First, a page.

The beauty and dangers of spring

Each year the Dept. of Environmental Conservation sends out press releases and announcements, advising the public that springtime in the outdoors can be a dangerous season, and for a couple of reasons. But each year there are some who'll ignore the advice, and end up getting themselves in deep do-do.

One of the subjects has to do with encountering young-of-the-year wildlife. May and June are the months when all sorts of species' young-of-the-year are getting their first taste of life in the wild. Baby birds, squirrels, chipmunks, raccoons, foxes and deer are just a few of the species that people may encounter when outdoors. There's sometimes a temptation to bring one of these cuties home to rear and domesticate. Don't, and for several reasons.



First is the fact that having wildlife without a permit is against the law. Should an injured or otherwise distressed young wildlife specimen be found, there are licensed wildlife rehabilitators available to accept stewardship until the bird or animal can be safely released back into the wilds. Second is that most young wildlife encountered isn't "orphaned." Its parent or parents are normally close by, although you may not see them. The best examples of this are baby birds that have fallen from the nest, and bedded fawns that are accidentally found. Leave 'em be. Their mom isn't far away.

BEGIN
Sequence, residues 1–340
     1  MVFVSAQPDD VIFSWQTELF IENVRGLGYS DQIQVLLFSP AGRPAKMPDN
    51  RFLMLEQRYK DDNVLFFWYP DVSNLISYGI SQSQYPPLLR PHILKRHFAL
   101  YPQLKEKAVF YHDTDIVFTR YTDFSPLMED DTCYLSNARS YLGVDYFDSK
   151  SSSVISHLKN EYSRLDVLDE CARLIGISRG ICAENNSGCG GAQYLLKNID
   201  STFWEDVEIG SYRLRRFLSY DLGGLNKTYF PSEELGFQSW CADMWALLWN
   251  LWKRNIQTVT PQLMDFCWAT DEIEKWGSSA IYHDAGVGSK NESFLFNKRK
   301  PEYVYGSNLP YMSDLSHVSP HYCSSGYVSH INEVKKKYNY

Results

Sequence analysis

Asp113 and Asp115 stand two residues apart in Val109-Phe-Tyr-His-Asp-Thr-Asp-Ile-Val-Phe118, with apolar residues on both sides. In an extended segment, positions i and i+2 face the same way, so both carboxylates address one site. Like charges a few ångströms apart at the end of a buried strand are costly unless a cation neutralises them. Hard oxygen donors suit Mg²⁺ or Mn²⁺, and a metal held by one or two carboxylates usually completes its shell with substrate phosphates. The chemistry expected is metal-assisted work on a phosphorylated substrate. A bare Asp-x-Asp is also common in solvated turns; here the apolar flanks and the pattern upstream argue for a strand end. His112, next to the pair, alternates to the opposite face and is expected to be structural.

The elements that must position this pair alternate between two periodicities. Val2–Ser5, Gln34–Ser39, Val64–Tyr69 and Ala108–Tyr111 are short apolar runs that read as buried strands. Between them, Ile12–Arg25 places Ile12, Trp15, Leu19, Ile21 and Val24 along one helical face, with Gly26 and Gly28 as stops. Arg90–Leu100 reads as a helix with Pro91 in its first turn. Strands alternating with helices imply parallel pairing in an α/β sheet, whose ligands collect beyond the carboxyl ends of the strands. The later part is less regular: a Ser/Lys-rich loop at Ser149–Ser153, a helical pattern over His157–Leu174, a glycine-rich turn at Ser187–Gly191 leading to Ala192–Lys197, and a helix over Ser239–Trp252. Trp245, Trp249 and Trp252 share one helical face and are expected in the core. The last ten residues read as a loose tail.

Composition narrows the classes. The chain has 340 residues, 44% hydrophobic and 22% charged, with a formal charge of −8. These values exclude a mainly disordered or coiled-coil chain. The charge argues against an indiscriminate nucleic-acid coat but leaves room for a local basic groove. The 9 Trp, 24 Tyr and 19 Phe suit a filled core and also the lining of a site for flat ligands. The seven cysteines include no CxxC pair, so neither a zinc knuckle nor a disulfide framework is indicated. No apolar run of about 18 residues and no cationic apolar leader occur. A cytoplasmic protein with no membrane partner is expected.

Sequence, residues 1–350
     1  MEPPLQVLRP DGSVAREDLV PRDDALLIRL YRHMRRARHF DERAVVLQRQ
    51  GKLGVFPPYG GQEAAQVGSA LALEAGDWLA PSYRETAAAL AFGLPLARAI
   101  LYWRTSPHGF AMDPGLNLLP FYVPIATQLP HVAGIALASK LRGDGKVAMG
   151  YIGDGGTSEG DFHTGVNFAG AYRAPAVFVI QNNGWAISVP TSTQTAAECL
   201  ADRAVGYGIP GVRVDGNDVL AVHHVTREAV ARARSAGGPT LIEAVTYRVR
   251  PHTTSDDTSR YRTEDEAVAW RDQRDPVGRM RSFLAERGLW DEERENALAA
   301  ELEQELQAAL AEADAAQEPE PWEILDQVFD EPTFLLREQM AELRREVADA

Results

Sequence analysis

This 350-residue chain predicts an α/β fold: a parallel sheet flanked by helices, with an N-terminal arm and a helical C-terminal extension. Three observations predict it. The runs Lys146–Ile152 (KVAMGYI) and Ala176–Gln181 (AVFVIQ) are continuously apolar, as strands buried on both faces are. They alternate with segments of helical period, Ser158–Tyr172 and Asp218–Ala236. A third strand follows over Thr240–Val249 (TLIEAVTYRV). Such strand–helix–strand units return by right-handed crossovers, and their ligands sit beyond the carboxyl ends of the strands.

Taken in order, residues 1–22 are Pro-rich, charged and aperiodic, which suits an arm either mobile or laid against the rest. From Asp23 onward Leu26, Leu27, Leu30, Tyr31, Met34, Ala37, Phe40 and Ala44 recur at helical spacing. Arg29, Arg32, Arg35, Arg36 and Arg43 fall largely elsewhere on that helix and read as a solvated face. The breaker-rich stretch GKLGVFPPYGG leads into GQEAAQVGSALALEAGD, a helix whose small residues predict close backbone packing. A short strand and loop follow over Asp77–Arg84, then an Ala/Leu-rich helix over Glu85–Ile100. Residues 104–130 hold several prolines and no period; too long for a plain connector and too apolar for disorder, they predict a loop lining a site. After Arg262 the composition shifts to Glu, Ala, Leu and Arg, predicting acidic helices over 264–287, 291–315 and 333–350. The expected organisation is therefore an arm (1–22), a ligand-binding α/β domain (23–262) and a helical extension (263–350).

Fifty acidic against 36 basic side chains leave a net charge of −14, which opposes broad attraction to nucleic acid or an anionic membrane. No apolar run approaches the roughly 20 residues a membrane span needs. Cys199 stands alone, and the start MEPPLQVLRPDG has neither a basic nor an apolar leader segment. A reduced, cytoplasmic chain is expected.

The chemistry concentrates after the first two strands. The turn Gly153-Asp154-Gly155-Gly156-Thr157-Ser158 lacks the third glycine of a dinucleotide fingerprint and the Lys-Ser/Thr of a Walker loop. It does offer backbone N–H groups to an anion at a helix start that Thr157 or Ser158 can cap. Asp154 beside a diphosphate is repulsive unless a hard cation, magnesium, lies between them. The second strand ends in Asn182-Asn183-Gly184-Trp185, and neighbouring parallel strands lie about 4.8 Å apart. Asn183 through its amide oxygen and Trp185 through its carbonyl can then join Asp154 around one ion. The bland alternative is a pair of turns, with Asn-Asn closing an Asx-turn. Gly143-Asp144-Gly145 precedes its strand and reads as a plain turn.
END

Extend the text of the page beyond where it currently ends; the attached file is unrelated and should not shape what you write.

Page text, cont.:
Another incentive to avoid "rescuing" young wildlife is for more personal reasons. Wild birds and animals, including young ones, can carry diseases. Some can peck, claw or bite, and such a wound can lead to infection or worse, should the creature be sick. Many also are hosts to lice or ticks.

Last but not least is the fact that young wildlife that's removed from being cared for by its parent(s) often dies within a few days, regardless of how well the "surrogate human parent" attempts to care for it. Even veteran wildlife rehabilitators admit that the survival rate for the young of some species of wildlife they receive is not all that good. So the odds of someone with little or no training and experience being successful are slim indeed. As the DEC puts its advice regarding young wildlife: "If you care, you'll leave it there."


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